That’s the food group pyramid. If you don’t know about it, your children probably do. Ask them about it. But, the basic idea it illustrates is to have more whole grains, fruits and vegetables than sweets. Potato chips and french fries are nowhere to be seen, are they? Why would I pick on chips and fries (besides the fact they do more harm than good)? Read on.
I stopped recently to get a sandwich. As I stood in line I was watching the family ahead of me. Mom, Dad, early teen son and a daughter of about seven. When the daughter was asked what she wanted with her sandwich, she said she wanted apples. Mom said no, that she should have some potato chips. Surprised? I was.
Just to review. The young girl wanted apples with her sandwich and Mom told her she had to have chips. I am still amazed.
We are spending a lot of money to educate children on how to eat better; to make better choices when eating. If they make better choices, there will be less childhood obesity and fewer child and adult diabetics. See how well that works? Clearly, some children are taking what they learn to heart, like this little girl.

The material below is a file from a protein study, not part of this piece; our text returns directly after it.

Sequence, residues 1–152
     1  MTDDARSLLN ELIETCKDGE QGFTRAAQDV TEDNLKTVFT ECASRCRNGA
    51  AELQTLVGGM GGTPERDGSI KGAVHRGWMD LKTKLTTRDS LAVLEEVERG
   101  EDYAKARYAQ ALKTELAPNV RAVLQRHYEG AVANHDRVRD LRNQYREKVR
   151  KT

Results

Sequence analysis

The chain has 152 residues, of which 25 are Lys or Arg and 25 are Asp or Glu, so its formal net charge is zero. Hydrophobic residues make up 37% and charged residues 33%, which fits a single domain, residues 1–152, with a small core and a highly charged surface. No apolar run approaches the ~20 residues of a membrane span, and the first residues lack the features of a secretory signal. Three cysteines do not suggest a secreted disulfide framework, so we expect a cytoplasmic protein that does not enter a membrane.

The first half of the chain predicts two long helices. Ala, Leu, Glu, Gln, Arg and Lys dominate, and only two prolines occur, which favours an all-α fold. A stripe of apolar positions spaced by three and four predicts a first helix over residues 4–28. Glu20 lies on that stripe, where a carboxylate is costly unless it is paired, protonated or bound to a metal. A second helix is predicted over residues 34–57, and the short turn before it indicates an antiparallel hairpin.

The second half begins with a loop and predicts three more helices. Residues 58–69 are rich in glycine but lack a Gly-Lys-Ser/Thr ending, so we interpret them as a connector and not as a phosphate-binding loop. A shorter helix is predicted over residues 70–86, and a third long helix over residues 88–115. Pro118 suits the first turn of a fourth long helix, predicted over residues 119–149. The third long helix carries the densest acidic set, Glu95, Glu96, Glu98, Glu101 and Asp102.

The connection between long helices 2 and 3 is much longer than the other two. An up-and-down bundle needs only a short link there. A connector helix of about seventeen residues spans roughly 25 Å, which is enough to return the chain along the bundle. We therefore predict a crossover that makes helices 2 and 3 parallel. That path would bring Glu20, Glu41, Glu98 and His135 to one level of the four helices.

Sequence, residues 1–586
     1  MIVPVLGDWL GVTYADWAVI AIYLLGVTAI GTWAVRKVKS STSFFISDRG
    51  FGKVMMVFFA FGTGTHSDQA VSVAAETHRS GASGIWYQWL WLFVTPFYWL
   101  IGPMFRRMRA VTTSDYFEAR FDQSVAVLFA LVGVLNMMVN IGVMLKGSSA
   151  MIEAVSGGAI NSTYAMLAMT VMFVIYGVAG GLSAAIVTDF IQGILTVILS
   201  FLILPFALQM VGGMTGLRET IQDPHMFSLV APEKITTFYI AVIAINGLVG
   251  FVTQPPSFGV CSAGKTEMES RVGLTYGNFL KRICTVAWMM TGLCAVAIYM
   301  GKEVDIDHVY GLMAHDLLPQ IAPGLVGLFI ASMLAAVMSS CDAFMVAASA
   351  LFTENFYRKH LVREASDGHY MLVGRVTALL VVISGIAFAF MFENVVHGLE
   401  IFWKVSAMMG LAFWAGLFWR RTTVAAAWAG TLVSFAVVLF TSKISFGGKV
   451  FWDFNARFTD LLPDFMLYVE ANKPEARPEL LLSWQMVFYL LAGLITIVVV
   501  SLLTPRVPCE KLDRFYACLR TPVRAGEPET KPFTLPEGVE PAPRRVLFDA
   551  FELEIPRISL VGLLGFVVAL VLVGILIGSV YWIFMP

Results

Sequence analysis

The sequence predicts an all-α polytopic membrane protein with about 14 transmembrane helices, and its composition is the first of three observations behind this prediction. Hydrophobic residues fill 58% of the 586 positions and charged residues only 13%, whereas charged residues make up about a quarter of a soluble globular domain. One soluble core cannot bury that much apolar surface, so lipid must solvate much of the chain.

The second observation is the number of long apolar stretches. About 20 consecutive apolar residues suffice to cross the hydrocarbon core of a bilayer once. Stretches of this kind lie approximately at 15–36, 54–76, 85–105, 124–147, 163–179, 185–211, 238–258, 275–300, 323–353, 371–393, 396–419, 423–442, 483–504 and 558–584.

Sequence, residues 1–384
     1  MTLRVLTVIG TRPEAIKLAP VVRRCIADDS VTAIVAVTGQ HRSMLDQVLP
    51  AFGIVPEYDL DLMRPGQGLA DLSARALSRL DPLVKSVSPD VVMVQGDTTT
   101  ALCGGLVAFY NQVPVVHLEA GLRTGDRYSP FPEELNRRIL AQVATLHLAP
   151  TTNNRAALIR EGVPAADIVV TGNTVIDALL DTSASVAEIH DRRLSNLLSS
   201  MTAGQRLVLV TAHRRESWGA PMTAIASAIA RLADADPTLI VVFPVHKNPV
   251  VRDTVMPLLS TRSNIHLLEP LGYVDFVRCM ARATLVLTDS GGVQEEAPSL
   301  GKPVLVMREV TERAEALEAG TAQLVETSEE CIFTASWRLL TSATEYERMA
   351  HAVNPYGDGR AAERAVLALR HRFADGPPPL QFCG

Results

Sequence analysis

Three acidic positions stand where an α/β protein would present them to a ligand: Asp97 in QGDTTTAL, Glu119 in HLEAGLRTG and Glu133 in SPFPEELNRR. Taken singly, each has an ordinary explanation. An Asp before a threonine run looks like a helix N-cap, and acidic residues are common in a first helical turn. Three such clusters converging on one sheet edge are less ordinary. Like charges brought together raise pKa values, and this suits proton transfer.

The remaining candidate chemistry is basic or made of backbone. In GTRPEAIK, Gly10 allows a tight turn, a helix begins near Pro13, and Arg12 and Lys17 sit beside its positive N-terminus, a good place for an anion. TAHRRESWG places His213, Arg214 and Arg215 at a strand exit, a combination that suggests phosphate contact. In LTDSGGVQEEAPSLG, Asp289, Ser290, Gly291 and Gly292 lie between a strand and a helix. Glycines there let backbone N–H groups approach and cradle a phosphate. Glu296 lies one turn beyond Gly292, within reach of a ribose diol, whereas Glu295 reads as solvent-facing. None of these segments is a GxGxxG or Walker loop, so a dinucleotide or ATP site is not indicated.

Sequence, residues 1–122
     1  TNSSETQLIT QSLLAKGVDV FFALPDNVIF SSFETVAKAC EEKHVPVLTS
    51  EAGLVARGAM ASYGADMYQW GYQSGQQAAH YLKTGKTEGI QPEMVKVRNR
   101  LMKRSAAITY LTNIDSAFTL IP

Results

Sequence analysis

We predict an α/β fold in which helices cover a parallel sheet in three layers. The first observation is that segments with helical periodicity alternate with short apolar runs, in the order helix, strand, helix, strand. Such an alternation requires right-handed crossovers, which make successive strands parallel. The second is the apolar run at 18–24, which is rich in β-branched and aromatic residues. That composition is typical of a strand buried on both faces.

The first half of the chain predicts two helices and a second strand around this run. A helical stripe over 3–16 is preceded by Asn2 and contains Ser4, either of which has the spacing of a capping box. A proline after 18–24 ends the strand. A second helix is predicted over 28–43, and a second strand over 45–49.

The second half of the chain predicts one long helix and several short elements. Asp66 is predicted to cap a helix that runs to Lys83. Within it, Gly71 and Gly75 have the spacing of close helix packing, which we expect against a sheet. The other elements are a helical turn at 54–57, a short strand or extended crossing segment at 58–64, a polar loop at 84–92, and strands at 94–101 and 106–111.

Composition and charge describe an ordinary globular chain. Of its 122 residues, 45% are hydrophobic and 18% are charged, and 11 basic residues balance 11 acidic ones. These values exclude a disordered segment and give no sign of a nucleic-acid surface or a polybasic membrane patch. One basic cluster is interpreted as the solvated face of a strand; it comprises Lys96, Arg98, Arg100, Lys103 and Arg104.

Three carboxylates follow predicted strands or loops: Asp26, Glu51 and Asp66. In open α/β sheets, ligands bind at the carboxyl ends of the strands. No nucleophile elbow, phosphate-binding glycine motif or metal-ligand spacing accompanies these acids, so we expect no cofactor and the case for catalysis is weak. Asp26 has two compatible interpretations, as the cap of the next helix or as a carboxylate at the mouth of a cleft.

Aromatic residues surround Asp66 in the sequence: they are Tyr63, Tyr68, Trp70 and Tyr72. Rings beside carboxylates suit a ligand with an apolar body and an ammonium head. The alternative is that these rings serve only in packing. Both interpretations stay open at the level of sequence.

Kids are smart. They may know a lot about the right things to eat. Engage them in your battle with Diabetes and they will help you win sooner. They will help you be a bit stronger when you want to have that bag of fries or chips; they will remind you what you should be eating.
There’s a huge benefit to enlisting your children in your fight: They will know what Diabetes is and will have a good chance of never getting the disease. Is there a better legacy to leave them? Take them on walks or runs with you. Make it a special time for you and them. Good eating habits. A bit of exercise. You and your children will be better for it if done together. Diabetes does not have to be ‘given’ to your children.
“And a little child shall lead them…” As true today as when Isaiah wrote it.